The year 2021 marked an unfortunate milestone for the Merrimack River: 822 million gallons of untreated sewage were discharged into it, the largest amount recorded in nearly a decade.
The public is invited to learn more about these sewage releases – known as Combined Sewer Overflows or CSOs – at a Zoom webinar slated for Monday, March 14 at 7 p.m. The event is hosted by Merrimack River Watershed Council, and will include expert panelists who will discuss newly collected data, impacts on public health and the environment, and potential solutions to the problem.
To register, visit Merrimack.org, or go to the following link: https://us06web.zoom.us/webinar/register/WN_JyDFOi6IQrOwHmmB0Rh-BA
The panelists will briefly review MRWC’s newly-published 2021 water quality report, as well as a user-friendly online dashboard that can be used to quickly and easily see pollution levels that occurred after CSO discharges. Much of the meeting will be devoted to answering public questions about the report, the impact of CSO discharges, and any other concerns the public has regarding the Merrimack River.
For the past several months the watershed council has been conducting water tests after major CSO discharges in order to better understand how bacteria moves downstream and to help gauge potential health threats to humans and wildlife. The tests were conducted at 15 different sites, from Manchester, N.H., to Plum Island.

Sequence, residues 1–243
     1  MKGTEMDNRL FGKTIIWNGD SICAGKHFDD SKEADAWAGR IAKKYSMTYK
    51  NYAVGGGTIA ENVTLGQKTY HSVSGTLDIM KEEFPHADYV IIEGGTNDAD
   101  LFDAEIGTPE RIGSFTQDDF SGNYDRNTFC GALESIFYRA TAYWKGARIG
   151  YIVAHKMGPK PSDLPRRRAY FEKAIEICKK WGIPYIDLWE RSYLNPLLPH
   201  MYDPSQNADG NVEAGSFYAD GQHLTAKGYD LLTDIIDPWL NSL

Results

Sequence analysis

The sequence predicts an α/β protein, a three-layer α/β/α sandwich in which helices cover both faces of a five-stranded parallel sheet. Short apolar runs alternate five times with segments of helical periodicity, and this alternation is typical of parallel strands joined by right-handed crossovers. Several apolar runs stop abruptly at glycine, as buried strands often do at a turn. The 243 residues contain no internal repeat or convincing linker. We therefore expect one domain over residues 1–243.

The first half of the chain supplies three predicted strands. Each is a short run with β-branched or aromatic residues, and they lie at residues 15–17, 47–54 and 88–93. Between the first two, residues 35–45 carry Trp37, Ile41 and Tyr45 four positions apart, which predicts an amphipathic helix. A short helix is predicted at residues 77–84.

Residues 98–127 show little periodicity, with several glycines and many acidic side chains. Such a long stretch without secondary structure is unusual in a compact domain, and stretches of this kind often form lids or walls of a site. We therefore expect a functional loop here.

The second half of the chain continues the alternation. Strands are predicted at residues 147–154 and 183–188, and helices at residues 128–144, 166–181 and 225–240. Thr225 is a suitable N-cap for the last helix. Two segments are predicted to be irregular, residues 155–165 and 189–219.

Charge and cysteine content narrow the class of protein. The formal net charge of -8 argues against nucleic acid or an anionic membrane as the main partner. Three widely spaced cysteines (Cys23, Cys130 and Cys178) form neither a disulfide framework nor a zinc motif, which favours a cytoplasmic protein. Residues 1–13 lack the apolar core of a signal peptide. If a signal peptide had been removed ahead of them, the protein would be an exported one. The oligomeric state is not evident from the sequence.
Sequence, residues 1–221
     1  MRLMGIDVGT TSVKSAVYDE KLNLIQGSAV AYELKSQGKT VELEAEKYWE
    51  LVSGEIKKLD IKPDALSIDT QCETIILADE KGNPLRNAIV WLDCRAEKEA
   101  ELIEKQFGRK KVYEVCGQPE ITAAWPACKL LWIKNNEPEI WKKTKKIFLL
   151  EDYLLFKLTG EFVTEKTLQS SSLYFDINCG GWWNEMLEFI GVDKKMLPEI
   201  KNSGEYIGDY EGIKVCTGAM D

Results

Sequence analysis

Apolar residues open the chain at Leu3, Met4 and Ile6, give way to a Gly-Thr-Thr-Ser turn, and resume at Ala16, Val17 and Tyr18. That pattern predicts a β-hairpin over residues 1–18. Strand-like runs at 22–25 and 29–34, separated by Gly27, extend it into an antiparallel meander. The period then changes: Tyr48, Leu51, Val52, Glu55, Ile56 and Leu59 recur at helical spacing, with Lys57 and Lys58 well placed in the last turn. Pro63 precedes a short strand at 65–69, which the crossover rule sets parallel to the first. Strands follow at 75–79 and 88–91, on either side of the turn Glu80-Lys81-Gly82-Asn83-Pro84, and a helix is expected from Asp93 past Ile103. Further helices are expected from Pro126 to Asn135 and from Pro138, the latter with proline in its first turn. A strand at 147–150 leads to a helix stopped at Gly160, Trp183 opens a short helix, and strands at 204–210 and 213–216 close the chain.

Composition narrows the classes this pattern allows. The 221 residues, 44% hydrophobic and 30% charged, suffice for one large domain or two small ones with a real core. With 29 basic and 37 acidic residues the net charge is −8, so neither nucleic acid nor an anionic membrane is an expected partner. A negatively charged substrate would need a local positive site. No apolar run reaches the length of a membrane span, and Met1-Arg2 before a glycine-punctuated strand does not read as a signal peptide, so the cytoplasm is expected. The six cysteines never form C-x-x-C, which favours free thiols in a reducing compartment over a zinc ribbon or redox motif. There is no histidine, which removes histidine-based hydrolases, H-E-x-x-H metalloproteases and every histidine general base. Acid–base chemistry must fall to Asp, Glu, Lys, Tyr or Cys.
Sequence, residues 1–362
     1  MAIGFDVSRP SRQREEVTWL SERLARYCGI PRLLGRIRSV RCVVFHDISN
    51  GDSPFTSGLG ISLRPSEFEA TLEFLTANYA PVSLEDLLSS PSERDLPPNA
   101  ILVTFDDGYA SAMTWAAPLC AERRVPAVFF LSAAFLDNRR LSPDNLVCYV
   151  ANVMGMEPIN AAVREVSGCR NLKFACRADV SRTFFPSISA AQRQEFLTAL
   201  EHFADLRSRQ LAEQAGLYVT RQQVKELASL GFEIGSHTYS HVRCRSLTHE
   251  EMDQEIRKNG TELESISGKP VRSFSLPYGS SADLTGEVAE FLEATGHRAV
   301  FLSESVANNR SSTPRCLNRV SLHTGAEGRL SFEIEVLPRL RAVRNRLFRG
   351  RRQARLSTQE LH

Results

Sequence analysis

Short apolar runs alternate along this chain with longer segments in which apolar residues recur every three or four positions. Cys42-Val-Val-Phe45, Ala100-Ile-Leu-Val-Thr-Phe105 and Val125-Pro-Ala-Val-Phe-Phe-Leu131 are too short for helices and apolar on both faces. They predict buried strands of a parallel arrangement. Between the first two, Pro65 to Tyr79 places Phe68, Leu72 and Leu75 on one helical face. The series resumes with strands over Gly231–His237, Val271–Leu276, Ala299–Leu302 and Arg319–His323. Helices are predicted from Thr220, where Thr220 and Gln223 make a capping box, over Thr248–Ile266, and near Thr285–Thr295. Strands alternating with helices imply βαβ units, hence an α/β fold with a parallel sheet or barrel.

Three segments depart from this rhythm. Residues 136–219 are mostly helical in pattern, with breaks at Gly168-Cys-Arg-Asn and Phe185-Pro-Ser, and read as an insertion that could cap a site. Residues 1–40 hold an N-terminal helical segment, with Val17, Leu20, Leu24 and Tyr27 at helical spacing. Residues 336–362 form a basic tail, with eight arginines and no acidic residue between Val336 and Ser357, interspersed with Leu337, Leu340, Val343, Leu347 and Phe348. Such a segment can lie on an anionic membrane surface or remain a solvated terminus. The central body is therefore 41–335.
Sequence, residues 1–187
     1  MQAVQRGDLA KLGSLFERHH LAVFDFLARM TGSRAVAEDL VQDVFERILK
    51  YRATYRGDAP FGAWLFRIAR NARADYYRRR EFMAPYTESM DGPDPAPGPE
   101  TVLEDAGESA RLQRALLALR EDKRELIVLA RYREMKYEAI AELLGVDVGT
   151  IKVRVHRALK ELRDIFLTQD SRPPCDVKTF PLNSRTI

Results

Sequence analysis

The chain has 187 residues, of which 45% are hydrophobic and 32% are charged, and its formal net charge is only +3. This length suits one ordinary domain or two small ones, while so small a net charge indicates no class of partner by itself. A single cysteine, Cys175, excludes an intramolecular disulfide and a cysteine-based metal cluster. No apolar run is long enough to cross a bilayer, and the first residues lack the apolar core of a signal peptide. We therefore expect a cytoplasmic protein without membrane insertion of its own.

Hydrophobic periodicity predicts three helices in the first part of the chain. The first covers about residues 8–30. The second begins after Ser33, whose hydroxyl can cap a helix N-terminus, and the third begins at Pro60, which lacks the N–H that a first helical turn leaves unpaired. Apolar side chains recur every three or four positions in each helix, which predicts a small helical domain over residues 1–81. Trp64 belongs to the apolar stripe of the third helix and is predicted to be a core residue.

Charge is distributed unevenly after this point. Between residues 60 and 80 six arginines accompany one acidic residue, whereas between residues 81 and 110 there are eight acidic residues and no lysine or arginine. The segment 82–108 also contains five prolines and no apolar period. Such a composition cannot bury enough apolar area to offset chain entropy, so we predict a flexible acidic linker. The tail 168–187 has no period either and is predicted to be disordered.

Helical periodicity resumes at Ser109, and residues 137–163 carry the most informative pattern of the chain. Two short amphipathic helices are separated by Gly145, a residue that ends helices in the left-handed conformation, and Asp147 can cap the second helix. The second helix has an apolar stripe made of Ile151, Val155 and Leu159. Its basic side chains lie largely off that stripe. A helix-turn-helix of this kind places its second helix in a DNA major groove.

CSO discharges occur during rainstorms, in cities where street drains are connected to sewer pipes. During these intense storms, sewer plants are overwhelmed by the volume of effluent flowing into them, and are forced to discharge it directly into the river. The plants are located in Haverhill, Lawrence, Lowell, Nashua and Manchester.
The year 2021 was an unusually wet year in the region. July was one of the rainiest Julys on record, and resulted in 10 days of CSO discharges, an unusually large number for a single month. Intense rainstorms also occurred in September and October. In all, there were 42 days in 2021 with CSO discharges. Health officials recommend that people avoid contact with the river for 48 hours after a CSO incident occurs, as the river may contain unsafe levels of bacteria that can cause rashes, infections and/or gastro-intestinal problems.
Scientists predict that climate change will cause more intense rain events in the future, which may lead to larger CSO discharges.
Panelists at the event are: Jill Carr, Coastal Data Scientist at MassBays National Estuary Partnership; Wendy Heiger-Bernays, Professor, Boston University School of Public Health; Chris August, Environmental Manager at ACV Enviro and MRWC board member; Susie Bresney, MRWC’s Massachusetts Water Resources Program Manager; John Macone, MRWC’s Policy and Education Specialist; and Lauren Zielinski, MRWC’s New Hampshire Water Resources Program Manager.
Copies of the 2021 water quality report can be downloaded at the watershed council’s website, Merrimack.org.
Merrimack River Watershed Council is a non-profit organization dedicated to improving the health and cleanliness of the river, which serves as a source of drinking water for 600,000 people in Massachusetts and New Hampshire, as well as a vital habitat to a wide variety of flora and fauna.